Moving Out on Your Own: Getting Ready

For young people, graduating high school or college and moving out of their parent’s house for the first time can be an exciting time. Once they are considered as adults, they can now enjoy the freedom of being on their own. Of course, with freedom comes responsibilities, so you have to make sure you’re ready to take on these responsibilities before you call your local movers.

Get Your Finances in Order:

First and foremost, can you afford to move out? Do you have a job where you make enough money to pay rent, the bills, buy food and maybe even a few splurges here and there? This is the most important consideration, and remember it’s not just about having a job. You’ll also need to have enough money saved up for your security deposit, not to mention the costs of moving in and furnishing your apartment with the even the basics.

Also, many landlords will probably check on your credit or employment history. If neither are sufficient, then perhaps you can get your parents or friends to help co-sign or guarantee the apartment for you. The truth is, if you can’t afford it, then you’re better off staying with mom and dad for a few more months. Let them know when you plan to move out and ask them if they’d like you to pay a reduced rent or some of the utilities while you’re there and saving up for your own place.

Picking Your Neighborhood:

Now that you know how much you can afford to pay for rent, then you should choose the right neighborhood for you. Obviously some areas will be more expensive than others, so this is your first consideration. Transportation is the next consideration – how far will you be from work and how much will commuting cost you? If gas and tolls or transport fares are too expensive, then even a cheap apartment in a faraway neighborhood will cost you a pretty penny. Next, consider how far you are from amenities. You’ll want the basics near you – supermarket and restaurants, and then other things which may be important to you like being near a major airport or parks and recreational activities.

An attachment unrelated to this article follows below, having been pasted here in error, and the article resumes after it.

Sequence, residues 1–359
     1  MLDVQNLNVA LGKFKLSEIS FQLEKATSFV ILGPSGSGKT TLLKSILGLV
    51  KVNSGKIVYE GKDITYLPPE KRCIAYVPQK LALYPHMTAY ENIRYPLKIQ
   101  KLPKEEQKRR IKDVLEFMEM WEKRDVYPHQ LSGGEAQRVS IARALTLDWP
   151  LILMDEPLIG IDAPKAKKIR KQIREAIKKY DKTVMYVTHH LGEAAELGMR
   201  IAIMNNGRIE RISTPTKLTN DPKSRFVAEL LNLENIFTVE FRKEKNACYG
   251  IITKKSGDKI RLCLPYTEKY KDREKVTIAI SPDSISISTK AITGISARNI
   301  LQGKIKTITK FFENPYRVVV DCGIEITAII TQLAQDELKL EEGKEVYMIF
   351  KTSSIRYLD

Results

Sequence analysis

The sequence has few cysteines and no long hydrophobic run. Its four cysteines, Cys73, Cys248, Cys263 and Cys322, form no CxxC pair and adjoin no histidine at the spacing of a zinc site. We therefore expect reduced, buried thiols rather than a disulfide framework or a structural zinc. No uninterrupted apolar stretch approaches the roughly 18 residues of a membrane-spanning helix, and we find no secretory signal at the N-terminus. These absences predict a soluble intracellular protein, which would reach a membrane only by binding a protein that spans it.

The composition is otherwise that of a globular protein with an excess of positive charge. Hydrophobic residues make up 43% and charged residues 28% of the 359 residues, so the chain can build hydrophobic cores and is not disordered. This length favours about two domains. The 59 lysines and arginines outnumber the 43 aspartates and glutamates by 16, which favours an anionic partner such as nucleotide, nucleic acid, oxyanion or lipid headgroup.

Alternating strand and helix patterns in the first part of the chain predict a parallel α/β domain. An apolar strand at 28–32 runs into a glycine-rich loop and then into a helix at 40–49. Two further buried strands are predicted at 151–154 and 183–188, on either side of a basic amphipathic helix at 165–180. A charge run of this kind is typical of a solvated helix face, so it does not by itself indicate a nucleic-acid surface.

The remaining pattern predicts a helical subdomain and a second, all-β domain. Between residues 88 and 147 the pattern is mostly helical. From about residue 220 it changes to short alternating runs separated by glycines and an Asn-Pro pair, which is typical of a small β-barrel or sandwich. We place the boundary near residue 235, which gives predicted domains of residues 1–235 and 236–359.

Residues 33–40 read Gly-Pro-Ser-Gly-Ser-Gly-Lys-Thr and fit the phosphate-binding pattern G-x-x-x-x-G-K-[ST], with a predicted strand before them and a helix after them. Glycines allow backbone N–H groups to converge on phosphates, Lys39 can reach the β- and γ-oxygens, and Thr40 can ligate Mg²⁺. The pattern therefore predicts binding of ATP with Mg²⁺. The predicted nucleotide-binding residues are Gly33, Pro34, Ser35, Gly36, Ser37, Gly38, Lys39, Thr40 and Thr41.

Finding an Apartment or Roommates:

Next is actually finding the actual place. You should start looking way in advanced, even months before you plan to move, as there are many places that are quite competitive. You may have a harder time than you think you would. Perhaps you’ve considered roommates, which can help off-set expenses or if rent is cheap enough, you can do it on your own. Today, you can find roommates and apartments on the Internet, but don’t forget to check your local classifieds or even trying an agent.

Get Set-Up:

Since this is your first apartment, there are some things you’ve never done to set-up an apartment, like setting up the utilities, getting cable TV and Internet or even figuring out how the heating or A/C works. Most of these can be set-up in advanced with the landlord, but he or she may also assume that you’ve taken care of these things. Don’t wait ‘till the last minute or you’ll (unintentionally) be having dinner by candlelight on the first night you move into your own place.